I’m not the first or last to wax poetic about such things.  E-readers would do in a pinch, but for the most part I prefer the hard copy of a book.library book stack

Library Guidelines

There is a meme making its way around the interwebs that declares, “I would marry the beast for his library!!!” Or something like that.

It sounds like a great idea.

There is even a facebook group for these brilliant and enterprising people.

At first I was amused and pleased by this sentiment. A library is marvelous, magical, mysterious place, and I see nothing whatsoever wrong with marrying in order to get material possessions books.

And then I remembered what this library looks like.

The Library of the BEAST!!!!*

And I cringed.

Oh, in theory it looks amazing. Millions of books, gracious curves, elegant stairs, long ladders, shiny marble, towering ceilings, etc.

But where is the familiarity? the comfort? the ease of finding your book? I get the feeling that even the librarian (do we meet a librarian in the movie?) has a hard time finding a specific book. Do we need to establish architectural rules for what makes a good library? I think yes.

So in reality, that library only has two attributes from list my for Good Library. Not a brilliant library, mind you, just a good library.

A Good Library

  • Books (Yeah . . . )
  • Some system of organization, so that you have an idea of where to find the book you want.
  • All books are within arm reach. I am not saying don’t have several floors or balconies (what do you call an indoor balcony?) but the ladders make things a tad ridiculous. Just add more walk ways!
  • Many cozy corners, with seats and windows, or maybe a window seat!
  • A friendly ceiling that does not threaten to echo every footstep or loom over you from such a cold distance. (Seriously, how did they keep that room warm in the winter?) High ceilings and open space is good, but not if it is overwhelming.
  • Colors that put you at ease, so you actually want to spend time in the library.
  • The atmosphere should be peaceful and relaxing, so you actually do spend time in the library.

I realize that this rather vague. Also, it is hard to find all this in an existing library. Most public libraries pick one, maybe two, items from this list, and discard the rest. And the old renaissance libraries are worst! They must have been the inspiration for the Beast’s library, as they tend more towards the grand than the comfortable.

Stiftsbibliothek, Admont Monastery Library, Austria. Would really want this in your house? Where would you read?


That all as my caveat, here is my list for my future dream library.


A Brilliant Library

  • Everything from the Good Library List.
  • Everything has organization, but it is okay if books get slightly out of order, or will not fit, or somehow mutiplyand suddenly you have books than bookcases and must start stacking on top of the neat lines of books.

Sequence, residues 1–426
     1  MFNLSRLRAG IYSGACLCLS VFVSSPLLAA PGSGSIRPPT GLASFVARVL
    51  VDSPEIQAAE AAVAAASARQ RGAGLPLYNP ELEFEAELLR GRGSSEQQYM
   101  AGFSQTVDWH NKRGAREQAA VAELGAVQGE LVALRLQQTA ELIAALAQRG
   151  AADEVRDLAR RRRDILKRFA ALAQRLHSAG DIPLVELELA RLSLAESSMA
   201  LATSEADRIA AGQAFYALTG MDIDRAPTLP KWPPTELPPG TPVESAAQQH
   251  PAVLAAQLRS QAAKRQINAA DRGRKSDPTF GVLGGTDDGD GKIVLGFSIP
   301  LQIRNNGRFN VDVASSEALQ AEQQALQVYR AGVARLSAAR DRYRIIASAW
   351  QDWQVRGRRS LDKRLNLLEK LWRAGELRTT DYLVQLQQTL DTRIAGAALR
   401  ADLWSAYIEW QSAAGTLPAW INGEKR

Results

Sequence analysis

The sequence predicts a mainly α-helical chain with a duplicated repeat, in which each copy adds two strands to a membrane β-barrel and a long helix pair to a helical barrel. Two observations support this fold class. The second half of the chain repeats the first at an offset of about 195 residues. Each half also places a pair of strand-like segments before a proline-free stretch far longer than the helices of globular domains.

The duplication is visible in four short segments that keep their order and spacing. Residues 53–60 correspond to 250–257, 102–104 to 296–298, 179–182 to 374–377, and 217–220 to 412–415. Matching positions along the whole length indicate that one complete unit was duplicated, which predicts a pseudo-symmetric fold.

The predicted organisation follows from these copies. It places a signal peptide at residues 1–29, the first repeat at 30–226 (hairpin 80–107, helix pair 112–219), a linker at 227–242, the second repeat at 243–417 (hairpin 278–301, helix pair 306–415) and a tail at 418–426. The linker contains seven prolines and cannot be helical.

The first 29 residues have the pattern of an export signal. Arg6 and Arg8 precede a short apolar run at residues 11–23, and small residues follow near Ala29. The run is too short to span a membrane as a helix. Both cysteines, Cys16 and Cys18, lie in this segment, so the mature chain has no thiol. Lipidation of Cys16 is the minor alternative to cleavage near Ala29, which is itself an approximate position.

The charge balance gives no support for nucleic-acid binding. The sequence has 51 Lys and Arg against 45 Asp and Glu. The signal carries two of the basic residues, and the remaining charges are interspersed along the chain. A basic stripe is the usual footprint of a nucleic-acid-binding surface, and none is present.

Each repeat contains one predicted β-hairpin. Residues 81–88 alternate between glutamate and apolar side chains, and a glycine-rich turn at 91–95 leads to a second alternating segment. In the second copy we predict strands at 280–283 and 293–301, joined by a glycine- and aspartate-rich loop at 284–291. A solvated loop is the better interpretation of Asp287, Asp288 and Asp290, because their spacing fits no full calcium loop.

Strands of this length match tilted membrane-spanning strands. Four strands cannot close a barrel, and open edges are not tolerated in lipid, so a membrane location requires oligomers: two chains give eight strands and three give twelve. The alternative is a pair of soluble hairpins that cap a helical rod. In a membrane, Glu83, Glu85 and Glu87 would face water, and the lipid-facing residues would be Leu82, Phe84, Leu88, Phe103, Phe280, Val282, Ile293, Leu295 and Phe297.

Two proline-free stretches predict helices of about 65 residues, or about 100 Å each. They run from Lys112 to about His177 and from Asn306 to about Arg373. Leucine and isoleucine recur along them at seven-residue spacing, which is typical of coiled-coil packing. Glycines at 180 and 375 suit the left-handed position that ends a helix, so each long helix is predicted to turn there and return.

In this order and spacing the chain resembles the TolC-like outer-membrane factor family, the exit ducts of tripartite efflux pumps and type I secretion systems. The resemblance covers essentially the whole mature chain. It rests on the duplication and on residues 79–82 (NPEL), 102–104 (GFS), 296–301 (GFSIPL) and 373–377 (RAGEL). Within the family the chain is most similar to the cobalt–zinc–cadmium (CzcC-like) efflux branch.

• Wood. Lots of wood. Wooden floors, wooden shelves, wooden chairs. Everything from oak to mahogany to ebony to purpleheart.
  • Because wood can feel cold, carpets. Possibly oriental carpets. And cushions on the chairs.
  • More window seats. A few must have a little ledge that can also serve as a desk.
  • A spiral staircase. Like in Henry Higgin’s library.
  • A fireplace. Like in Henry Higgin’s library.
  • Huge, plush, comfy armchairs. The kind in which a person can curl up. (There is no way to not end that sentence with a preposition. Sorry.)
  • This color scheme: —>
  • More windows. So you get good reading light. And you can get some idea of what is going on in the outside world without needing to leave your seat.
  • More books. You will find the room. And if you can’t, build more shelves! This is not hard. Books seem to breed; every time you turn around there are more!



The Beast’s library is too huge, hard, and cold. I would not even know where to start looking through the books!


The only public library that comes close (but lacks comfy seats!) is the Bodleian Library. In fact, I cannot find a photo of anything I would deem perfectly brilliant. But all of these below come pretty close.

The Bodleian, Oxford. So pretty, AND friendly!

Wood paneling and fluffy chairs. Yay!

What is with those knick-knacks? Get rid of them, and get more books! Otherwise, perfect.

Oooh! So awesome!

Not quite comfortable, but the piano is brilliant idea!

It needs more soft things!

And last but not least, Henry Higgin’s Library. Ideal. (Actually, it was filmed in the Groussay Library, and the comfy cushions have since been removed. But you can imagine them there!)

My dream library is in the body of an old lighthouse, carefully refurbished. The bottom floor would be the children’s books, comfy chairs, large desk, and fireplace area, and each landing up the hand carved wooden spiral staircase would have its own set of shelves and designation (poetry, lit crit, philosophy, etc.). The top, where the light would shine out, would be a 360 window seat, with very comfortable seats and an amazing view. As soon as I can figure out how to take photos of dream land, I will let you see it!

What is your dream library? Do you have certain guidelines for what you need in a library?

*Because saying “The Noun of the Noun” is so much better (read ” more pretentious”,) than saying “The Noun’s Noun”.